GLACC’s Clean Diesel project with seven fleet partners in greater Lansing is three months out from completion and making great strides. This project is funded by the U.S. Environmental Protection Agency (EPA) and local match dollars provided by project partners.
Since October 2011, project partners Haslett Public Schools, Charlotte Public Schools, Waverly Community Schools, and Grand Ledge Public Schools, as well as Michigan State University, Dean Transportation and Dean Trailways have made purchases of new buses or exhaust control equipment for diesel vehicles in their fleet. Nearly all buses have been received to date, with exhaust controls being delivered and installed this summer. Up to thirty buses will be replaced, with over thirty vehicles receiving exhaust control equipment.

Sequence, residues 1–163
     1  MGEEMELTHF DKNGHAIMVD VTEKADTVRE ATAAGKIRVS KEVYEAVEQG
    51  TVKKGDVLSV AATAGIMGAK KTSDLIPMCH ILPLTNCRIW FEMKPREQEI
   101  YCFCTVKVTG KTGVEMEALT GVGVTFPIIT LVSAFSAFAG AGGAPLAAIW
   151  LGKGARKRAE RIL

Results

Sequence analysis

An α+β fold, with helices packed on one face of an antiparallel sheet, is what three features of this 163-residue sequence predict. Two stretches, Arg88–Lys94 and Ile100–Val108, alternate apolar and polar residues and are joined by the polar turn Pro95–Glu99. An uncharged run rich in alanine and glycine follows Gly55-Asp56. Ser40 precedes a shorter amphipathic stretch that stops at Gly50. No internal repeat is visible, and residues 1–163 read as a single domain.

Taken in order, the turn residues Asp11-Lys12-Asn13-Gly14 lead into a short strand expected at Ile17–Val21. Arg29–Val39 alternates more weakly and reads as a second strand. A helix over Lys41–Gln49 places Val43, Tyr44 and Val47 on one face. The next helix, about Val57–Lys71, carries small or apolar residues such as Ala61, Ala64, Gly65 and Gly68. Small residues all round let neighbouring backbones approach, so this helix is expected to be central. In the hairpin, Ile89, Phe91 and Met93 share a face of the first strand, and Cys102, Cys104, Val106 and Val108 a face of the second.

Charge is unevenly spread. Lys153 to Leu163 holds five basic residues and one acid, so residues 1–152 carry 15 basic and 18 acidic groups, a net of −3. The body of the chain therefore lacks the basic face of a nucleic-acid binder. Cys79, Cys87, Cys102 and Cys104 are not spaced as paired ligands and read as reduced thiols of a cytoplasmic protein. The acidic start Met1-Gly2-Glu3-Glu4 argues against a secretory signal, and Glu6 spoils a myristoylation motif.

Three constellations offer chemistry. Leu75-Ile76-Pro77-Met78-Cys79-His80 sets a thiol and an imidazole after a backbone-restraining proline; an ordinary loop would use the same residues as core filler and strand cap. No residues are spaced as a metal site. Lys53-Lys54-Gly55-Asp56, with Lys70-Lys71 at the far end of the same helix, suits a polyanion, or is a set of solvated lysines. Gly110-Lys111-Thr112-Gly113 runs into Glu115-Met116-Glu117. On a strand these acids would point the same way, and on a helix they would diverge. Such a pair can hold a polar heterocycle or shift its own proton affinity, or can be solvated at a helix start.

All vehicles replaced under the grant are required to be scrapped, in order to make sure out-dated, highly polluting diesel engines remain out of service. In this way, the project meets the EPA goal of reducing emissions from diesel engines, or “mobile sources” to improve air quality and reduce negative human health impacts from diesel vehicle exhaust. Such impacts include aggravation of asthma symptoms, and other respiratory ailments, as well as heart diesel and cancers attributable to diesel soot.
“This project wouldn’t be possible without our partner school districts, MSU, and Dean Transportation and Dean Trailways,” said Maggie Striz Calnin, GLACC executive director. “GLACC works to bring grant dollars to mid-Michigan for clean transportation projects, but of course, there is no project without our fleet partners!”
The project is the second EPA-funded project for GLACC. The organization is currently applying as part of a collaborative application under the current round of the EPA National Clean Diesel Funding Assistance Program.